The comments and insights from the discussant will be an introduction to open discussion on the development paths of SFSCs in the context of:
- new forms of social innovation and collaborative networks,
- institutional and policy support,
- new forms of governance introduced in SFSCs organisation and be seen as one significant contribution to the current transitions in rural areas across European countries.
This session is organised by the community of European Rural Development Network (ERDN, www.erdn.eu). ERDN, established in 2002, represents a ‘critical mass’ of high-quality research expertise covering a broad range of disciplines including (but not only) agricultural production and competitiveness, environmental resource management, agri-food supply chain management, markets and marketing, international trade, econometrics, rural economic geography, rural economy and sociology. The Network is meant to encompass the leading research centres studying rural development in Europe, and in particular in its central, eastern and south-eastern countries (both EU and non-EU Members). ERDN has adopted a format for research cooperation that, over a 15-year period, has proved to have been outstandingly successful. No comparable organisation exists in the region, The main objectives of the ERDN are parallel to the Community’s idea of building the European Research Area for agriculture and rural development.
Presentations of the Symposium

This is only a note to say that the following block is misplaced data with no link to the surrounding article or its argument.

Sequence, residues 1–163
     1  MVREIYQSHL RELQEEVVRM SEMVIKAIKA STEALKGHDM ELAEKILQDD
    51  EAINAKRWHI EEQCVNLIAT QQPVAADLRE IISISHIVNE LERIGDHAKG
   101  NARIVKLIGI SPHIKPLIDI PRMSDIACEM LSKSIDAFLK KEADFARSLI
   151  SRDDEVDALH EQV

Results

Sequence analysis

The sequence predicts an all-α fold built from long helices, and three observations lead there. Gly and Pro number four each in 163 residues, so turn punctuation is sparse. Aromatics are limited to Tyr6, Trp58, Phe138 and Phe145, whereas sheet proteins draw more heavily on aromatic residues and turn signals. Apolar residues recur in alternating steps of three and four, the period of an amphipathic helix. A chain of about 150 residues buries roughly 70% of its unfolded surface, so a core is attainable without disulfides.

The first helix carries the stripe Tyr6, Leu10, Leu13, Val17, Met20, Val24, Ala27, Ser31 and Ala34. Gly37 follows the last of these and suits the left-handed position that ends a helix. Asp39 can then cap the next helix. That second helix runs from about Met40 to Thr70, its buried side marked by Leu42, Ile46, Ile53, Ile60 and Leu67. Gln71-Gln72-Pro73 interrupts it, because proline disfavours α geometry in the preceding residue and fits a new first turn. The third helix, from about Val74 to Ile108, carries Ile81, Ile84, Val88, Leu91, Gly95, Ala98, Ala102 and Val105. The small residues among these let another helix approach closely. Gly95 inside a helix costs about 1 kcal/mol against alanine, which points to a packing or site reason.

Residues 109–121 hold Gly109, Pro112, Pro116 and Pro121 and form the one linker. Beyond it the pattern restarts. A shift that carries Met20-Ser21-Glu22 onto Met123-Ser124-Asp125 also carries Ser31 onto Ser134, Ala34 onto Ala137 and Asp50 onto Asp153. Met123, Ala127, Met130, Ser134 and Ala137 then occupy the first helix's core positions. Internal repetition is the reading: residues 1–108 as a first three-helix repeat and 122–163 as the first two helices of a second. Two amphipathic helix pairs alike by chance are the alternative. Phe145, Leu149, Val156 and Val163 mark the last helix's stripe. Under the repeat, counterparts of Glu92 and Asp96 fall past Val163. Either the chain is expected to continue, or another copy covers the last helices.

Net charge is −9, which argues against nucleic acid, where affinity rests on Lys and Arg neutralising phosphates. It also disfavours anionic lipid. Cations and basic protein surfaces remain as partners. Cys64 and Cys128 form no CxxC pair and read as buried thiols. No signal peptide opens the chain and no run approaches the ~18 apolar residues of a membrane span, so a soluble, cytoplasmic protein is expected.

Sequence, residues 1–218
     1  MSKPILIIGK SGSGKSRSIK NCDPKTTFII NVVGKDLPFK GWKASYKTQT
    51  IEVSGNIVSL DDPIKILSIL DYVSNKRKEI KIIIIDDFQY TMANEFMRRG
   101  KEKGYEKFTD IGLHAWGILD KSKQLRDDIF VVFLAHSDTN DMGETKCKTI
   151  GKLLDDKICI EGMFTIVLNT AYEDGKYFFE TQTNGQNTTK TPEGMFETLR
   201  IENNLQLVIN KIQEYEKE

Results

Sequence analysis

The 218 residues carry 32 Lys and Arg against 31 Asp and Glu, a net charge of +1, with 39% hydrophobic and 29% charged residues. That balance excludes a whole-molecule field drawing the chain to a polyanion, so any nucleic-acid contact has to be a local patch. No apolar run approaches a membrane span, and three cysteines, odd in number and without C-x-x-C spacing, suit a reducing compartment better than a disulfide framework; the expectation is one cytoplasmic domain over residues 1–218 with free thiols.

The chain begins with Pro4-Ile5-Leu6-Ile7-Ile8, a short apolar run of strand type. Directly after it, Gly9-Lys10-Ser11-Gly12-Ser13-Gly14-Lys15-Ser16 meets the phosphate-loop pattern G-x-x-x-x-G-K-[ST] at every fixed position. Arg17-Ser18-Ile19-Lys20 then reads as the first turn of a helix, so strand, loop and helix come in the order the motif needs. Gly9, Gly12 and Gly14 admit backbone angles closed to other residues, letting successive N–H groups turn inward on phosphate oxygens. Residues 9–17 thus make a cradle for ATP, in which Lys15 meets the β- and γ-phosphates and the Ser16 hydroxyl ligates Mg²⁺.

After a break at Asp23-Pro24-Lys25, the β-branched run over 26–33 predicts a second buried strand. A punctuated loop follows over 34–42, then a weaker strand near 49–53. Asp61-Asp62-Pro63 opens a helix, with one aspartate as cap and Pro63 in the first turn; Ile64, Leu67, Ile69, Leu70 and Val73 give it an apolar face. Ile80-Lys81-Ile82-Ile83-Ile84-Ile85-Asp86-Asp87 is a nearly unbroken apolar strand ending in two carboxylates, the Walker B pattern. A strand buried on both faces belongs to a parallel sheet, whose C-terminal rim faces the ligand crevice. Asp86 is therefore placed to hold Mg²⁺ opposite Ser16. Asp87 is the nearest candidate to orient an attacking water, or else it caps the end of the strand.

The Food Chain In The Rural Development Programs Of The Italian Regions: A Comparison Between The Two Programming Periods 2007-2013 And 2014-2020
The food chain has undergone considerable changes at organizational and managerial as well as conceptual level, because of implementation of rural development policy. In fact, in the 2007-2013 programming period, with the development of the Integrated Supply Chain Projects funded by the regional Rural Development Program, the chain concept has taken shape from theory to practice, according to the logic and different characteristics in different regions, sub-funds and implementation instruments governed by the regions and Member States.
In the 2014-2020 programming period, the supply chains have undergone a new impetus to the development in relation to new tools in support of the cooperation provided by the Rural Development Program. The aim of the work is to investigate the support tools for the development of food chains and the cooperation by means of an analysis and comparison of the Rural Development Programs implemented in Italy regions for the two periods programming, that are 2014-2020 and 2007-2013. It is expected this work can give insight and shed some light on understanding the nature and real contribution to the development of the different productive sectors.